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From Antitrust Law Daily, December 5, 2014

Apple could be liable for foreign e-book lost profits

By Greg Hammond, J.D.

Two e-book retailers have been given the “go-ahead” to seek damages for both domestic and foreign lost sales of e-books, after Apple and five publishers engaged in a price-fixing conspiracy in 2009 and 2010. The federal district court in New York City granted the retailers leave to amend their complaints to plead damages for the loss of foreign sales of e-books, pursuant to the Foreign Trade Antitrust Improvements Act (FTAIA) (Lavoho, LLC v. Apple Inc., December 3, 2014, Cote, D.).

Background. In late 2009 and early 2010, Apple and five major American publishers conspired to raise the price of e-books by imposing agency agreements on e-book retailers. As a result of the agency agreements, the plaintiff e-book retailers—who did not have a dedicated e-reader and competed with other e-retailers by discounting—could no longer compete on price, and subsequently went out of business. Although their complaints were devoid of any allegations regarding lost foreign sales, the e-retailer plaintiffs produced correspondence between the parties debating whether they could recover damages on a lost foreign sale theory. The court treated the correspondence as a request for leave to amend the complaints.

FTAIA. According to the court, the FTAIA generally excludes wholly foreign conduct from the reach of the Sherman Act, but brings that conduct back within the statute’s scope if (1) the foreign conduct has a direct, substantial, and reasonably foreseeable effect on U.S. domestic, import, or certain export commerce; and (2) that effect gives rise to a claim under the Sherman Act. In granting the e-book retailers leave to amend, the court determined that the conduct in this case is not “wholly foreign conduct.” In addition, to the extent their claims relate to the sales or lost sales of e-books to foreign consumers, the plaintiffs must be able to allege that (1) the price-fixing conspiracy at issue involved foreign trade; (2) the conspiracy had a direct effect on export transactions in which the plaintiffs were engaged; and (3) the effect on export transactions caused the injury on which their claims are premised.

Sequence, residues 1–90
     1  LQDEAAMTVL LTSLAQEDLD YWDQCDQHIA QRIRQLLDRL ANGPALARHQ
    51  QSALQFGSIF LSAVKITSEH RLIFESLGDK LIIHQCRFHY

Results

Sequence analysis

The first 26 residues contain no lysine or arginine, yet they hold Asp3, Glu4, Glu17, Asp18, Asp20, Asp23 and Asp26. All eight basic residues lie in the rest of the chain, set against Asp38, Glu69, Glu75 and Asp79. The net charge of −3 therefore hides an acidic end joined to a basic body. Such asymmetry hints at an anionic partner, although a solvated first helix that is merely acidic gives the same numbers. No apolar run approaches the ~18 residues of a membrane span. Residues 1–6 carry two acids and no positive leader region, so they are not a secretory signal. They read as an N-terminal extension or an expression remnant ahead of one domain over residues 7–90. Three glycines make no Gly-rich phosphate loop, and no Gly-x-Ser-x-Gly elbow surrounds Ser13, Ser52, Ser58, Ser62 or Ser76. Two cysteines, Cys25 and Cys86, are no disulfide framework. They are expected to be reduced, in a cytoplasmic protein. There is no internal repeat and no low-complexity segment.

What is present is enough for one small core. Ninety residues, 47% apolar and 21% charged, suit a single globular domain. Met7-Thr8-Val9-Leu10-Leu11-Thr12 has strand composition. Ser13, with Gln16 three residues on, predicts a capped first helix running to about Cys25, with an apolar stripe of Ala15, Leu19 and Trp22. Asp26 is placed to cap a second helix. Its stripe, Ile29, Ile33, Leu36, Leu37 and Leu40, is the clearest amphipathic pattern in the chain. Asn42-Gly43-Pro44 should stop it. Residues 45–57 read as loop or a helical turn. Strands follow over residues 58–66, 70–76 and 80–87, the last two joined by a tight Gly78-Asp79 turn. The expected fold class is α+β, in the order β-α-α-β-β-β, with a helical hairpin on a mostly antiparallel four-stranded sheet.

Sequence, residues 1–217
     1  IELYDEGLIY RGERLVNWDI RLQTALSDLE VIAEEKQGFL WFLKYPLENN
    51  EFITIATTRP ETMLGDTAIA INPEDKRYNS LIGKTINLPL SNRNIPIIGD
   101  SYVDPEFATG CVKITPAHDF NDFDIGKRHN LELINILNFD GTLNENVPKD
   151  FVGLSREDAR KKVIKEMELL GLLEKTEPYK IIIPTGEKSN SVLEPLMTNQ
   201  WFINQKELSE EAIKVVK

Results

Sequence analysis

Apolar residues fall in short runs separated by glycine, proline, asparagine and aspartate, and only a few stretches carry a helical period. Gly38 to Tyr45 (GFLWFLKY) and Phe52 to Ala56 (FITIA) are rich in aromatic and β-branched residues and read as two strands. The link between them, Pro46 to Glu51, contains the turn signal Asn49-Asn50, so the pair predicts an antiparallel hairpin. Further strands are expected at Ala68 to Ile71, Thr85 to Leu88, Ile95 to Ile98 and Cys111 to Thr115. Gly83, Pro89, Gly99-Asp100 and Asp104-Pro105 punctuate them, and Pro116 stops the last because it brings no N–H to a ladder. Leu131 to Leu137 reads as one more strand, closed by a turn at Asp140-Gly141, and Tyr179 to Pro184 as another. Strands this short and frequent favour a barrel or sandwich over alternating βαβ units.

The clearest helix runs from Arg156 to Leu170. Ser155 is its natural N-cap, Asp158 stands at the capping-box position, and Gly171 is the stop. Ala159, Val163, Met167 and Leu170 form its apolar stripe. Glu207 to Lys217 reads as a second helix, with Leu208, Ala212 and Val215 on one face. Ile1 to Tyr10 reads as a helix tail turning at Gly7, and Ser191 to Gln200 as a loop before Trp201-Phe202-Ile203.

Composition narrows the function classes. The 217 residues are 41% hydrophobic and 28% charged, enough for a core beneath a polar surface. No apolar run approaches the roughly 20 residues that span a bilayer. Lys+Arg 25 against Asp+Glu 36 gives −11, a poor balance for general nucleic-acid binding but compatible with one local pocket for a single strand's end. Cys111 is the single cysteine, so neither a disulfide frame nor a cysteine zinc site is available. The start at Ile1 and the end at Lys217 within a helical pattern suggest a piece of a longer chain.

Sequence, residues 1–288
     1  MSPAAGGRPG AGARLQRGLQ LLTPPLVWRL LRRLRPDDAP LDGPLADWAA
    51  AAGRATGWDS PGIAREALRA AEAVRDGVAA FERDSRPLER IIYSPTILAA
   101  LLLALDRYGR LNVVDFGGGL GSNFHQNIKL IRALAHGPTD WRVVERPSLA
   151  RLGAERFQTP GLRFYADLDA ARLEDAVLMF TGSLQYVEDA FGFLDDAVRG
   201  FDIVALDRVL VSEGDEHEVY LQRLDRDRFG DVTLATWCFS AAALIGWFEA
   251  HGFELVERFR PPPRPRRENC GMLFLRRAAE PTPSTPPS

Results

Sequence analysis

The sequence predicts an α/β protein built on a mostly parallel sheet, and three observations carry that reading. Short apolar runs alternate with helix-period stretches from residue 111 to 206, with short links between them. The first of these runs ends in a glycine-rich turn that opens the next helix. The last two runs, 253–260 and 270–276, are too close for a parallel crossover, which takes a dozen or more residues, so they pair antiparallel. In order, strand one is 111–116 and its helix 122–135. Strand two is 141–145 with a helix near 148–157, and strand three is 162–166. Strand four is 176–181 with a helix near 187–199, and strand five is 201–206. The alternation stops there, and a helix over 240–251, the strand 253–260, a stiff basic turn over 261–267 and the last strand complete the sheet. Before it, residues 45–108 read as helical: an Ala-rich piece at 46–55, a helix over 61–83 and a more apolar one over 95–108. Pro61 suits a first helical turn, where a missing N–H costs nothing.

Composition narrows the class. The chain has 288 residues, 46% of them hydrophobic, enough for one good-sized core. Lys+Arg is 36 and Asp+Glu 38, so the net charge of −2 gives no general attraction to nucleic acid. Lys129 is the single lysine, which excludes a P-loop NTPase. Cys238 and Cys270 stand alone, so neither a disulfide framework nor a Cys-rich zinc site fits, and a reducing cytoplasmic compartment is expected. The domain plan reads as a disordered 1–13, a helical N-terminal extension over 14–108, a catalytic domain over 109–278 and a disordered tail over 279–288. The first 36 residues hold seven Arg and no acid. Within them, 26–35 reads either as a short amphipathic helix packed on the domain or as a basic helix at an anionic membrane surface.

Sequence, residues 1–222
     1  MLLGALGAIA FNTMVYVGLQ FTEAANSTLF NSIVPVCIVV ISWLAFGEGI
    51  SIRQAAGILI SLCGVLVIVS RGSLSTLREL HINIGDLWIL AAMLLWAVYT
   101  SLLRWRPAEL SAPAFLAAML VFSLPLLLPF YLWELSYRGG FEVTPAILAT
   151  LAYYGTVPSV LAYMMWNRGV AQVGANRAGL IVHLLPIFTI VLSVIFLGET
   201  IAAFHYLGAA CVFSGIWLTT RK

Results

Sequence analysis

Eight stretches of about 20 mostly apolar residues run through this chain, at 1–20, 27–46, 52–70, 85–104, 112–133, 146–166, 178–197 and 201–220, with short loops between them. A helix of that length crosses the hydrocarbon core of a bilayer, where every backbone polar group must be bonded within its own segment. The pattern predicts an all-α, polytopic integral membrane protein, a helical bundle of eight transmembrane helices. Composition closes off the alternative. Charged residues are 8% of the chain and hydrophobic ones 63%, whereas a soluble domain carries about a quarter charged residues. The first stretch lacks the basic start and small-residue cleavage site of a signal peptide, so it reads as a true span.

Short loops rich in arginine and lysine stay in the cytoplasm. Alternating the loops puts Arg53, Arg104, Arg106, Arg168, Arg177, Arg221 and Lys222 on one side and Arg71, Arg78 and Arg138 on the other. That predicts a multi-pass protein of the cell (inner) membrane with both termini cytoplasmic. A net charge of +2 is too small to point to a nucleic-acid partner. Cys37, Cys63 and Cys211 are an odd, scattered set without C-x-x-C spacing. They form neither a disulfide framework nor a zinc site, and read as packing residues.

The case numbers are 14cv1768 (DLC) and 14cv2000 (DLC).

Attorneys: Maxwell M. Blecher (Blecher Collins Pepperman & Joy P.C.) for Lavoho, LLC and Abbey House Media, Inc. Theodore J. Boutrous, Jr. (Gibson, Dunn & Crutcher LLP) for Apple Inc.

Companies: Lavoho, LLC; Abbey House Media, Inc.; Apple Inc.

MainStory: TopStory Antitrust NewYorkNews

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